*Beat Müller, Mirjam Christ-Crain, Philipp Schuetz
Department of Internal Medicine, University Hospital Basel,
Petersgraben 4, CH-4031 Basel, Switzerland
BM has served as a consultant and received payments from Brahms to attend
meetings; he received research support and fulfi lled speaking engagements. All
other authors declare that they have no confl icts of interest.
1 Tang BM, Eslick GD, Craig JC, McLean AS. Accuracy of procalcitonin for
sepsis diagnosis in critically ill patients: systematic review and meta-
analysis. Lancet Infect Dis 2007; 7: 210–17.
MÜller B, Prat C. Markers of acute infl ammation in assessing and
managing lower respiratory tract infections: focus on procalcitonin. Clin
Microbiol Infect 2006; 12 (suppl 9): 8–16.
Becker KL, Nylen ES, White JC, Muller B, Snider RH Jr. Procalcitonin and the
calcitonin gene family of peptides in infl ammation, infection, and sepsis: a
journey from calcitonin back to its precursors. J Clin Endocrinol Metab 2004;
Meta-analysis of procalcitonin for sepsis detection
We read with great interest Benjamin Tang and
colleagues’ meta-analysis regarding the accuracy of
biomarker procalcitonin for sepsis diagnosis.1 Tang and
colleagues argued that they did not include investigations
that estimated the accuracy of procalcitonin towards the
clinical condition septic shock “since these conditions
were usually recognised by simple clinical criteria”. This
statement is correct, but ironically it also applies to the
condition Tang and colleagues mainly investigate in the
meta-analysis—namely sepsis. Although not always of
great clinical use regarding treatment of the causative
agent, sepsis criteria (in the most used form as systemic
infl ammatory response syndrome [SIRS] plus evidence
of localised infection) are very easy to apply, and it does
not appear relevant to focus on identifying additional
expensive biomarkers for sepsis diagnosis alone.
Conversely, if the biomarker could off er some more
specifi c information on aetiology and/or proposed
treatment and monitoring of treatment eff ect, it
would be attractive. Procalcitonin may off er some of
this information regarding infections caused by a wide
spectrum of bacteria, and to a lesser degree on Candida spp
infections and malaria, but only if measurements are made
according to the best documented method, that is daily
Since clinical investigations have mainly focused
on accuracy of a single measurement of procalcitonin
to assess sepsis, less focus has been placed on its
usefulness to identify and monitor the course of bacterial
infections.2,4 Procalcitonin plasma levels do not increase in
viral infection,2 and only to a lesser degree in severe fungal
infection.5 Conversely, procalcitonin levels increase rapidly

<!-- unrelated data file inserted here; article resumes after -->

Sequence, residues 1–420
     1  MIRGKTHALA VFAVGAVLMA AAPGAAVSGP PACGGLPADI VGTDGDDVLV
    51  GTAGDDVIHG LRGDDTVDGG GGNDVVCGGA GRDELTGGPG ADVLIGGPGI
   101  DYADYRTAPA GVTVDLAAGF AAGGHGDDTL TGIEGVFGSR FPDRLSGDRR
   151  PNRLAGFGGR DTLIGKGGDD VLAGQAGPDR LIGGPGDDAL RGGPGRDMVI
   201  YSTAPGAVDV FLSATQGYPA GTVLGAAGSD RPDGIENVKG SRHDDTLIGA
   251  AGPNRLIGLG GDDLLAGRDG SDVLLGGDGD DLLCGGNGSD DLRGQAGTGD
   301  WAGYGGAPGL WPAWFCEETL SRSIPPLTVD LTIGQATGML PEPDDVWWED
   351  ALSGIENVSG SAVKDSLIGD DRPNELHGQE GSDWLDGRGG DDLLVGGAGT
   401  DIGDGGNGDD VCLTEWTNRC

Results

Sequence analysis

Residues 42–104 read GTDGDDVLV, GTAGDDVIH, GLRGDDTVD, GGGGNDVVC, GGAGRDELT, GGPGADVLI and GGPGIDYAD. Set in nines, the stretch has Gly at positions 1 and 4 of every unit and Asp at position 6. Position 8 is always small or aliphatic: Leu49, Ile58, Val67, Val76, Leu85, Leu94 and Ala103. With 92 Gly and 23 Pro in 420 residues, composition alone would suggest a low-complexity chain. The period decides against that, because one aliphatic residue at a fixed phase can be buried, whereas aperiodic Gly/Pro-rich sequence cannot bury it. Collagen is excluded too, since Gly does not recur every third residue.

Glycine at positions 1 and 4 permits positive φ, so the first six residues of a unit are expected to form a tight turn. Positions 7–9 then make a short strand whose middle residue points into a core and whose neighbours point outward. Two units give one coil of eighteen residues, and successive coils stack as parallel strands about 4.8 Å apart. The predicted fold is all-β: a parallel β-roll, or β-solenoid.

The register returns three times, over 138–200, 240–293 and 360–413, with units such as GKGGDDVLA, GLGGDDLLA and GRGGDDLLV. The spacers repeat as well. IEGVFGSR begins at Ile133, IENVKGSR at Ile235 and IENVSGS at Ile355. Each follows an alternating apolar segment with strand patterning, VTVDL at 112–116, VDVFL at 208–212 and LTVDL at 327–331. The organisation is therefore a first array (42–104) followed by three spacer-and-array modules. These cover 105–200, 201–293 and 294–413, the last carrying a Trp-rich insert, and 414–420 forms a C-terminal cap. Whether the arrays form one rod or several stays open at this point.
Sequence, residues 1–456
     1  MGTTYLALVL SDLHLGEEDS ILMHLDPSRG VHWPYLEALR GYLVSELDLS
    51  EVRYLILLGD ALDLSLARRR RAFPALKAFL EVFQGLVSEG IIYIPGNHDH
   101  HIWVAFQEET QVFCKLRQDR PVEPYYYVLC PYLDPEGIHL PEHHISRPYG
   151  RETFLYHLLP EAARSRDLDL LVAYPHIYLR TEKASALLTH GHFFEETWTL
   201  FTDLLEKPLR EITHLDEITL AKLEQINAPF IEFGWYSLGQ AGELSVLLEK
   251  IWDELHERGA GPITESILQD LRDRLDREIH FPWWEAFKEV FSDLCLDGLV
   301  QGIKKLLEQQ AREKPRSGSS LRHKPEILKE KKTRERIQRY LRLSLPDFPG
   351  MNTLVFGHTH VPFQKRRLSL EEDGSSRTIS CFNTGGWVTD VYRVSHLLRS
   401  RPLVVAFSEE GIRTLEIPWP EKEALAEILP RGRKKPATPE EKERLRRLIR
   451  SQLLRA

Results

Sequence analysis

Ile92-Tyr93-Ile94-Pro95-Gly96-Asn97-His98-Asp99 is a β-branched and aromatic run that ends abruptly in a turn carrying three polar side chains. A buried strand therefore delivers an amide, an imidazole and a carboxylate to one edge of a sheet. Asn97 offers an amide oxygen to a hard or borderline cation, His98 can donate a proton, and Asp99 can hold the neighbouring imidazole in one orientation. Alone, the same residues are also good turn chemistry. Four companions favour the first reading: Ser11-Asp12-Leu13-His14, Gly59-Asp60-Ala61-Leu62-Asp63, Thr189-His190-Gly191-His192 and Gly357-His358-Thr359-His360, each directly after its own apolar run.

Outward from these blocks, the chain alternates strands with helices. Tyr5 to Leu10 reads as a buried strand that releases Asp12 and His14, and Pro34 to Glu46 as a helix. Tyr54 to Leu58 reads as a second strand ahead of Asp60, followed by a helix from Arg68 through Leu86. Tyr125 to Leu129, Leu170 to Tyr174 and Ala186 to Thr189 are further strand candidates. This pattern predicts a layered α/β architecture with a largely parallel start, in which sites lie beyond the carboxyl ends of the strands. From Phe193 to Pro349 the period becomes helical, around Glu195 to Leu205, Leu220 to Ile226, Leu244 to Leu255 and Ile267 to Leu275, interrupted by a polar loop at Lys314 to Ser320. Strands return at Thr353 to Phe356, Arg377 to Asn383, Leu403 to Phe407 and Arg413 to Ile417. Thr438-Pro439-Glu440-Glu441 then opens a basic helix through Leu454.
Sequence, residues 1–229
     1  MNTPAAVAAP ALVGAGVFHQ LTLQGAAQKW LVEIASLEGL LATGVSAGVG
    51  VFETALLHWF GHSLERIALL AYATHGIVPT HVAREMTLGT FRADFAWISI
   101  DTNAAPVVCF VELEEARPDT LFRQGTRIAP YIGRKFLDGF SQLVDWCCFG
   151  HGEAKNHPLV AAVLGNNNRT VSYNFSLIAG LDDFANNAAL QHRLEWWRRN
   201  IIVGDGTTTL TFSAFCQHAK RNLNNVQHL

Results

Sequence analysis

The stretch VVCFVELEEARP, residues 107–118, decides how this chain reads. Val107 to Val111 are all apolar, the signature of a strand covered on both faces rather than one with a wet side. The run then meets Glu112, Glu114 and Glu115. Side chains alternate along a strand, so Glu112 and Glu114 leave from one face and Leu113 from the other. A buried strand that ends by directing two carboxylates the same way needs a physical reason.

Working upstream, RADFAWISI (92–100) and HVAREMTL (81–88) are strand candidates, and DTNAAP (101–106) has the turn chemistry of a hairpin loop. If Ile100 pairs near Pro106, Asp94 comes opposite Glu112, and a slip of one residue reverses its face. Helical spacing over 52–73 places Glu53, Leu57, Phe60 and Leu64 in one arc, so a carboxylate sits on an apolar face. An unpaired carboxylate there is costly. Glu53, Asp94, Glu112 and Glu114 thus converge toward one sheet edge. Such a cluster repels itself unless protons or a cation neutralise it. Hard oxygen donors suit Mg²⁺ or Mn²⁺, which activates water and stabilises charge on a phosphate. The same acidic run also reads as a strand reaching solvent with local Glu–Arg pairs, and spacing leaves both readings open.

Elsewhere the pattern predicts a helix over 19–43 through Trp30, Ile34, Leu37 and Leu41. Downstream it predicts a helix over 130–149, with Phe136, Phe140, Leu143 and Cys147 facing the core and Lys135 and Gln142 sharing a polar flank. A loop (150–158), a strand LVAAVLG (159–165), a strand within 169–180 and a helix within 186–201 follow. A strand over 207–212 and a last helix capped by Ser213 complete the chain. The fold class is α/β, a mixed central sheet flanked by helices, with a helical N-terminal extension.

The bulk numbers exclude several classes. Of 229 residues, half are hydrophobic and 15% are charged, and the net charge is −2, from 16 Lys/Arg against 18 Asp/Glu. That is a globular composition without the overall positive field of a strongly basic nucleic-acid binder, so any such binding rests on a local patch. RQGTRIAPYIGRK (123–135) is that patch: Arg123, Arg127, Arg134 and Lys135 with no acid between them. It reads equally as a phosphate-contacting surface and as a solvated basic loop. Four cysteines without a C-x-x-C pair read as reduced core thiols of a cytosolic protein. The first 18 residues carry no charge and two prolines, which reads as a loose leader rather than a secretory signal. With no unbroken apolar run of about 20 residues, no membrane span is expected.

while systemic bacterial infection is progressing, either
because of lack of source control, lack of antimicrobial
spectrum, or both. Other conditions that might cause
transient increases in procalcitonin levels include clinical
4 Christ-Crain M, Jaccard-Stolz D, Bingisser R, et al. Eff ect of procalcitonin-
guided treatment on antibiotic use and outcome in lower respiratory tract
infections: cluster-randomised, single-blinded intervention trial. Lancet
2004; 363: 600–07.
Briel M, Christ-Crain M, Young J, et al. Procalcitonin-guided antibiotic use
versus a standard approach for acute respiratory tract infections in primary
care: study protocol for a randomised controlled trial and baseline
characteristics of participating general practitioners [ISRCTN73182671].
BMC Fam Pract 2005; 6: 34.
Christ-Crain M, Stolz D, Bingisser R, et al. Procalcitonin guidance of
antibiotic therapy in community-acquired pneumonia: a randomized trial.
Am J Respir Crit Care Med 2006; 174: 84–93.
Stolz D, Christ-Crain M, Bingisser R, et al. Antibiotic treatment of
exacerbations of COPD: a randomized, controlled trial comparing
procalcitonin-guidance with standard therapy. Chest 2007; 131: 9–19.
MÜller B, Harbarth S, Stolz D, et al. Diagnostic and prognostic accuracy of
clinical and laboratory parameters in community-acquired pneumonia.
BMC Infect Dis 2007; 7: 10.
Nylen ES, Whang KT, Snider RH Jr, Steinwald PM, White JC, Becker KL.
Mortality is increased by procalcitonin and decreased by an antiserum
reactive to procalcitonin in experimental sepsis. Crit Care Med 1998; 26:
10 Wagner KE, Martinez JM, Vath SD, et al. Early immunoneutralization of
calcitonin precursors attenuates the adverse physiologic response to sepsis
in pigs. Crit Care Med 2002; 30: 2313–21.
11 Uzzan B, Cohen R, Nicolas P, Cucherat M, Perret GY. Procalcitonin as a
diagnostic test for sepsis in critically ill adults and after surgery or trauma: a
systematic review and meta-analysis. Crit Care Med 2006; 34: 1996–2003.
12 Simon L, Gauvin F, Amre DK, Saint-Louis P, Lacroix J. Serum procalcitonin
and C-reactive protein levels as markers of bacterial infection: a systematic
review and meta-analysis. Clin Infect Dis 2004; 39: 206–17.
13 Harbarth S, Holeckova K, Froidevaux C, et al. Diagnostic value of
procalcitonin, interleukin-6, and interleukin-8 in critically ill patients
admitted with suspected sepsis. Am J Respir Crit Care Med 2001; 164:
14 Marc E, Menager C, Moulin F, et al. Procalcitonin and viral meningitis:
reduction of unnecessary antibiotics by measurement during an outbreak.
Arch Pediatr 2002; 9: 358–64 (in French).